Documents of Freedom: A Look at the Declaration of Independence, the Bill of Rights, and the U.S. Constitution
By: Gwenyth Swain
Publisher: Lerner Publications
Publication Date: January 2012
Reviewed by: Deb Fowler
Review Date: February 2012
By the 1600s people started to cross the Atlantic Ocean and began to settle in what is now known as the United States. Their colonies were governed by Great Britain’s king, King George III. Because the “king ruled the thirteen colonies set up in North America,” the colonists had to follow British law. Although many of them liked Britain, they didn’t like King George III and didn’t want to obey him or follow Parliament’s laws. The Stamp Act, which taxed paper goods, and the tea tax, a tax on tea, made them angry. Protests followed and in 1774 “Parliament passed laws to punish colonists.” Things were not looking good. Colonist’s homes were invaded by British soldiers, Boston Harbor was closed, and soldiers marched through the streets.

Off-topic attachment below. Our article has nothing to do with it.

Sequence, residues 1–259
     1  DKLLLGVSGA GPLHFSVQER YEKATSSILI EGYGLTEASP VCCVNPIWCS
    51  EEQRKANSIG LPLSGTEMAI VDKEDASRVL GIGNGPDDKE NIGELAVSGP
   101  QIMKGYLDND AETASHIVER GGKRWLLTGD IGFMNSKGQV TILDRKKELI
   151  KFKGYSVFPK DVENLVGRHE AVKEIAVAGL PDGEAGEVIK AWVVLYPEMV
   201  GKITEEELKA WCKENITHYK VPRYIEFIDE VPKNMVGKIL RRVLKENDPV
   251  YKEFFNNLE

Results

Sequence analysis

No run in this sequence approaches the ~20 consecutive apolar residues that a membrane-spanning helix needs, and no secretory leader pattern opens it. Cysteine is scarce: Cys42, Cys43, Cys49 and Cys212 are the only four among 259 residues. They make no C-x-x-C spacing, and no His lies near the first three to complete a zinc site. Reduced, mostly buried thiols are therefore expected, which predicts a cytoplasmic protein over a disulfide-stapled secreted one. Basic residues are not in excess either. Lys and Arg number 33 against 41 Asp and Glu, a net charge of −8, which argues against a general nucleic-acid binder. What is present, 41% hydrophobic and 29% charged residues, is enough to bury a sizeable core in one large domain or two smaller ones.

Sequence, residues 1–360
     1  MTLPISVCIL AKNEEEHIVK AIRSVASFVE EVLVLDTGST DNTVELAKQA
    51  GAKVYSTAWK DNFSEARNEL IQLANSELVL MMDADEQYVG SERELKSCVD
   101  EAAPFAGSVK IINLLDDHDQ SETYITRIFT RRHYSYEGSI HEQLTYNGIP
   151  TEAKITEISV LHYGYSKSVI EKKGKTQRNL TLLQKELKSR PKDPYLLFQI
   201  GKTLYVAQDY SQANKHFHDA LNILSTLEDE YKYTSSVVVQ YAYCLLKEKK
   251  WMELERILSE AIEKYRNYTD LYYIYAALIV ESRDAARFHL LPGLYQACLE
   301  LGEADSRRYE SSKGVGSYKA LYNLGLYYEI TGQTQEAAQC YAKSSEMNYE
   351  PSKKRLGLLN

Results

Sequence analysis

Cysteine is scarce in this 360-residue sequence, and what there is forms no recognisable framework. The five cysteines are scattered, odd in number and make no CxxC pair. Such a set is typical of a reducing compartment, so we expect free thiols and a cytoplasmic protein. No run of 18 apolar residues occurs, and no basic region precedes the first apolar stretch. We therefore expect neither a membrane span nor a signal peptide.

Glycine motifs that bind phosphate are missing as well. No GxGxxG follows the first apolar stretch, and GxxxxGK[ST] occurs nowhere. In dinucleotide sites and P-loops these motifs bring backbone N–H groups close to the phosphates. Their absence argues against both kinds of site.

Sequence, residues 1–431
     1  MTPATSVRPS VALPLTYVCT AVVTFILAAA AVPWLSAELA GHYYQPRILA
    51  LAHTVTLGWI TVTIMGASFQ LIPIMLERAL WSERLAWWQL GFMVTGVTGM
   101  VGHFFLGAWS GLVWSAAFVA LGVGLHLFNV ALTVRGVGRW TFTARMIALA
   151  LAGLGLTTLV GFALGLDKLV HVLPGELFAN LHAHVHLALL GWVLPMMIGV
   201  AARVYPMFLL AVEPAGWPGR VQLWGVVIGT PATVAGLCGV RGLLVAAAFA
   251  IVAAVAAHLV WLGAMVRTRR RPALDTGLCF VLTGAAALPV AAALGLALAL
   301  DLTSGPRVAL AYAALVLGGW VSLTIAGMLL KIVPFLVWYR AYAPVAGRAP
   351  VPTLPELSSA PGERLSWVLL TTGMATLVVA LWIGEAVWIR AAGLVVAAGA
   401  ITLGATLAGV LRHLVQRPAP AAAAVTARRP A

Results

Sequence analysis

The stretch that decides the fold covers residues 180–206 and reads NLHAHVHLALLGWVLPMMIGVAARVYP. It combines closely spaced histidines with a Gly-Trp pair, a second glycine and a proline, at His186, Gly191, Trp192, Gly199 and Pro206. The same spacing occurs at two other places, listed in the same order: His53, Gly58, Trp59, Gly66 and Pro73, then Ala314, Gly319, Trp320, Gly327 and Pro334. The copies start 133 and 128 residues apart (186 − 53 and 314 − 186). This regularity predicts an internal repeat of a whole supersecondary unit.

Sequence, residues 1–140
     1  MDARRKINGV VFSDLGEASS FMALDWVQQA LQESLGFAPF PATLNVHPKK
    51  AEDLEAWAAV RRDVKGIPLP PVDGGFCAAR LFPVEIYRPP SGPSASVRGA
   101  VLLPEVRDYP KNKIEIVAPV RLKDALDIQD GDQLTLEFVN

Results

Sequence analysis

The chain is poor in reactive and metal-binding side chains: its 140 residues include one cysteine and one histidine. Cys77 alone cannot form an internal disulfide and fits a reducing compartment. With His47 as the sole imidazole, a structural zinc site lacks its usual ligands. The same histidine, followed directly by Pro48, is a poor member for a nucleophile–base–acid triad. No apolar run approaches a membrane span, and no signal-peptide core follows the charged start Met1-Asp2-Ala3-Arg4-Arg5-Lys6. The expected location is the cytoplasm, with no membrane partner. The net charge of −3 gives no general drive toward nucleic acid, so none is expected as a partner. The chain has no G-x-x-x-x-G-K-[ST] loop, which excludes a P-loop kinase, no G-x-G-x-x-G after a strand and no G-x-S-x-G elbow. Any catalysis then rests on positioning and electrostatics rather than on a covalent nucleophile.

Unwilling to put up with British domination one minute longer, a meeting with representatives from all the colonies was held. The Continental Congress met in Pennsylvania in 1774 and “the leaders talked about what to do.” In 1775 war broke out between the colonists and Great Britain. In 1775 the Second Continental Congress met in Philadelphia and it was there that Richard Henry Lee made a motion that the “colonies should be independent states.” In this book you’ll learn about the decisions they made, the Declaration of Independence, the Treaty of Paris, the Articles of Confederation, how the colonies pulled together, the Constitutional Convention, the Virginia Plan, the Constitution, the Bill of Rights, the amendments, and many other interesting facts about our documents of freedom.
This book is very well written, clear, and concise. It’s a difficult task to narrow down such a wide range of information, but each chapter could easily become a stepping stone to a school report. In the chapter about the Bill of Rights, there is a brief overview of each of the original ten amendments to the Constitution as well as an explanation as to why George Washington asked Congress to consider adding amendments. There are numerous archival art reproductions and photographs of all the documents mentioned, including the title page of Thomas Paine’s “Common Sense.” In the back of the book is an index, a glossary, and additional recommended book and website resources to explore.
Quill says: This is an excellent overview of the history of the “important documents that helped to shape our country.”